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Child Abuse & Neglect 34 (2010) 1–4

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Child Abuse & Neglect

Introduction

Twenty years of the Convention on the Rights of the Child: Achievements in and challenges for child protection implementation, measurement and evaluation around the world

Keywords:
Convention on the Rights of the Child Children’s rights Child protection Child maltreatment Child welfare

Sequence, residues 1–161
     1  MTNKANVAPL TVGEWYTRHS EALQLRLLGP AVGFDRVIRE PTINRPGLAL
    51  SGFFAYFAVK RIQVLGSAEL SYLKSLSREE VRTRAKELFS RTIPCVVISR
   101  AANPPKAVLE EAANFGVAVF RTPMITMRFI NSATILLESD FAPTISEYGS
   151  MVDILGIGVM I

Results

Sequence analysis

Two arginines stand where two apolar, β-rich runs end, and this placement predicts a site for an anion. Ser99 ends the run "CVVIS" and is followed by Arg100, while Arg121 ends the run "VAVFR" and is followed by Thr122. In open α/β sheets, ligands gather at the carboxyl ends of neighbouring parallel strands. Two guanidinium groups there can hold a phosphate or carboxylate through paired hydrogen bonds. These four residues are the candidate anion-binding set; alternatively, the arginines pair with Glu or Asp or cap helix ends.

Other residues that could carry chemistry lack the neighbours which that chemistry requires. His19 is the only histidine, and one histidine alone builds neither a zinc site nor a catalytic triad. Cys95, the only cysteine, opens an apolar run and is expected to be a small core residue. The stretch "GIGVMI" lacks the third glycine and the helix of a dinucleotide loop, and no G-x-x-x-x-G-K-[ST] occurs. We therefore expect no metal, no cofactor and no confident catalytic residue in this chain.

To begin, best wishes for a year filled with peace, justice and well-being for all. This Special Issue on the Convention on the Rights of the Child (CRC) and Child Protection is Part II, following from the November 2009 Child Abuse & Neglect Special CRC Anniversary Issue Part I. The first issue focused on progress which had been made 20 years after CRC adoption, in child maltreatment data collection, national surveillance systems and research on violence against children. These experiences and initiatives have been recognized as advancing the rights and protection of children internationally. The Guest Editors are especially pleased to start off the 2010 year for Child Abuse & Neglect readers with a continuing focus on the importance of advancing children’s rights toward stronger protection of all children from all forms of violence, with a special emphasis on child maltreatment research and data collection, but expanded to include perspectives on legal, judicial, systems, as well as socioeconomic and political issues impacting the effective implementation of children’s rights and protection. This issue reminds us that, while the Convention was unanimously adopted by the United Nations General Assembly on the 20th of November 1989, and became enforceable from September 2 of 1990, there is still much to be done throughout the world in 2010 to effectively protect children from violence and maltreatment. Insights are shared into the situation of violence against children in Africa, Asia, the Americas, and the Middle East, recognizing both significant child protection developments, and the challenging barriers facing professionals in this field. As noted in the last issue, the CRC is the only international human rights treaty that has near universal ratification, with the exception of only Somalia and the USA, although there currently appears to be some movement in each nation to advance towards ratification. Once again we have invited authors from around the world, seeking to bridge the gap between theory and practice by sharing their empirical and qualitative research in the field of child maltreatment with the international community. Our goal continues to be to increase the exchange of knowledge, experience and dialogue on child protection practice which is enhanced by the effective leveraging of children’s rights. This issue begins with an invited Commentary which introduces significant progress for children’s rights in courts ˜ ˜ throughout Latin America, entitled “20 ANOS DESPUES DE LA CONVENCION DE LOS DERECHOS DEL NINO: Su Incorporacion en las Constituciones de America Latina y la Jurisprudencia de los Tribunales Constitucionales” (20 Years Since the Convention on the Rights of the Child: Its incorporation into Latin American National Constitutions and the Jurisprudence of Constitutional Tribunals) by Alejandro Morlachetti, an expert consultant to the United Nations. The Commentary reports on successful legal advances in child protection made possible since the adoption of the Convention on the Rights of the Child (CRC). According to Morlachetti, CRC ratification has been followed by a process of incorporation—complete or incomplete—of the Convention into national law. Almost all Latin American countries have undertaken legislative and constitutional reforms, which have consistently given the CRC preeminence over internal law (for example, the Constitutions of Argentina, Colombia, Guatemala, Mexico, Venezuela, among others). These reforms have opened the door to enable jurisprudence to inter0145-2134/$ – see front matter © 2010 Elsevier Ltd. All rights reserved. doi:10.1016/j.chiabu.2009.11.001